Incentive-based volunteering by refugees

Incentive-based volunteering by refugees


In Jordan, incentive-based volunteering brings measure of independence to Syrian refugees

Thunayya is one of some 20,000 Syrian refugees residing in Azraq camp, and one of 1,800 participating in an incentive-based volunteer program in the camp, according to a recent assessment by CARE International in Jordan.

She’s also one of the estimated 650,000+ Syrian refugees currently residing in Jordan, and among the nearly 5 million registered in the region at large.

One year ago, Thunayya fled her home city of Al Qunaytra and the war that enveloped it. She has lived in the camp ever since. Today, she is volunteering as a cleaner, earning about US $8.50 per day. At the age of 48, this is the first time Thunayya has ever worked, as she must now provide for herself and her 85-year-old father, her only dependent.

“When we arrived, CARE staff visited us and explained that I can volunteer for an incentive if I register for an opportunity,” says Thunayya. “I registered shortly after, but had to wait over eight months before I started working at CARE’s daycare." Most volunteer positions are for three months, but individuals may reapply. Incentive-based volunteering is currently the only income-generating mechanism in Azraq camp, where more than 4,000 camp residents have applied.

“I reapplied and am volunteering as a cleaner at CARE’s community center, but I preferred working at the daycare,” explains Thunayya. “I used to make about US $12.75 per day there. I spent my time playing with children and teaching them nice things.”

The incentive-based volunteer program includes both skilled and unskilled volunteers who earn up to US $12.75 and US $8.50 per day, respectively. People identified as vulnerable or with special skills are given priority.   

“I just wish for happiness and comfort. Isn’t that every human being’s ultimate wish?”

When asked how she prioritizes the purchases she makes with the incentives she earns, Thunayya immediately puts her elderly father’s needs first. “He loves fruits and vegetables, and we cannot afford these with the e-cards we receive. Sometimes he is prescribed medication that I can only buy with money. Once, he was really sick so I had to take him out of the camp to a doctor in Mafraq city – I had to pay for all of that.” Thunayya uses World Food Programme e-cards for basic grocery shopping, such as oil, rice, and canned food, but sometimes the family’s needs are greater, making them dependent on the money she earns from volunteering.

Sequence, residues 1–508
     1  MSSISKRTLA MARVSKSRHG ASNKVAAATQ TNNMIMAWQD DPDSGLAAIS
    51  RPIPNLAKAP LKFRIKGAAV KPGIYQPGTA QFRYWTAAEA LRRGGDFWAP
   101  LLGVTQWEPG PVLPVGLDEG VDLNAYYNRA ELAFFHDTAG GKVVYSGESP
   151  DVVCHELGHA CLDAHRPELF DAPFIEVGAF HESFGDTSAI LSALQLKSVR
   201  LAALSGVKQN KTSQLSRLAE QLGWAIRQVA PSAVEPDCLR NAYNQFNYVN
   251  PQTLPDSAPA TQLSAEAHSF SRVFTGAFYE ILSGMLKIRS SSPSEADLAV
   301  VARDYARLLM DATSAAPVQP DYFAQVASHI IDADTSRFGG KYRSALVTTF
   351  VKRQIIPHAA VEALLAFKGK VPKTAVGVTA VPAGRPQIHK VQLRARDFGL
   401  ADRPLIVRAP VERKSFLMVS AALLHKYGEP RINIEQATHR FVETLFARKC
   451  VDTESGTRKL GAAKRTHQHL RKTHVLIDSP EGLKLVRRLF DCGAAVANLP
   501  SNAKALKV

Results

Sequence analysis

Thunayya reminisces about her school days, interrupted by early marriage. “I finished grade six then I could not continue. I wish I could. I loved school and I was at the top of my class,” says Thunayya. “Still now I love writing and drawing, my handwriting is very beautiful!” When she is on visits outside Azraq Camp, she buys pens, pencils, coloring pencils, and notebooks. “When I have time at home I like to sit and write. Sometimes, I write stories, ones that I remember from childhood, fairytales, or sometimes I author my own.”

Although Thunayya’s relationship with her father has, at times, been tested, she is his sole sponsor now.  “My father is a very old man now, he is like a little child. When he demands something he has to get it. So I need to get him what he wants even if we sometimes cannot afford our daily food. There have been times when my father and I only had dry bread and water to eat and drink. Sometimes I would leave him my share.”

Earlier this year, a designated market area in Azraq camp was built for refugees, aimed at providing more options for purchasing goods and services, while allowing camp residents to work and earn an income. Thunayya is one of many Syrian refugees anticipating the market’s opening. “People’s situation here would become much better if the market opens,” elaborates Thunayya. “Groceries in the supermarket here are expensive and not everything is available. I have bought things from outside the camp, they were much cheaper. I also wish to see more vocational courses for women, such as knitting.

Her personal dream is one, she says, is shared by many others: “I just wish for happiness and comfort. Isn’t that every human being’s ultimate wish?”
Mahmoud Shabeeb – Regional Communications Officer, Syria Crisis.

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